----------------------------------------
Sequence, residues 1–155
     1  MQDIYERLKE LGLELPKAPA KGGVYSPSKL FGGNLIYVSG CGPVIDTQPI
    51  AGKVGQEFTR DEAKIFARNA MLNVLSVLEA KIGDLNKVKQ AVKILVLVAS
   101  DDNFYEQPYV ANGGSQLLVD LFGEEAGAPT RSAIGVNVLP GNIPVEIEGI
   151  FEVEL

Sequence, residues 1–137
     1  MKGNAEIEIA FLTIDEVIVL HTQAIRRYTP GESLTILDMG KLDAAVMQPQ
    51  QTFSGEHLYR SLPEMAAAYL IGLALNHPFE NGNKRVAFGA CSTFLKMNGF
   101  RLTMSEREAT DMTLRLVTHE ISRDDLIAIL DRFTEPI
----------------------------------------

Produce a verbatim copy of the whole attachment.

Sequence, residues 1–155
     1  MQDIYERLKE LGLELPKAPA KGGVYSPSKL FGGNLIYVSG CGPVIDTQPI
    51  AGKVGQEFTR DEAKIFARNA MLNVLSVLEA KIGDLNKVKQ AVKILVLVAS
   101  DDNFYEQPYV ANGGSQLLVD LFGEEAGAPT RSAIGVNVLP GNIPVEIEGI
   151  FEVEL

Sequence, residues 1–137
     1  MKGNAEIEIA FLTIDEVIVL HTQAIRRYTP GESLTILDMG KLDAAVMQPQ
    51  QTFSGEHLYR SLPEMAAAYL IGLALNHPFE NGNKRVAFGA CSTFLKMNGF
   101  RLTMSEREAT DMTLRLVTHE ISRDDLIAIL DRFTEPI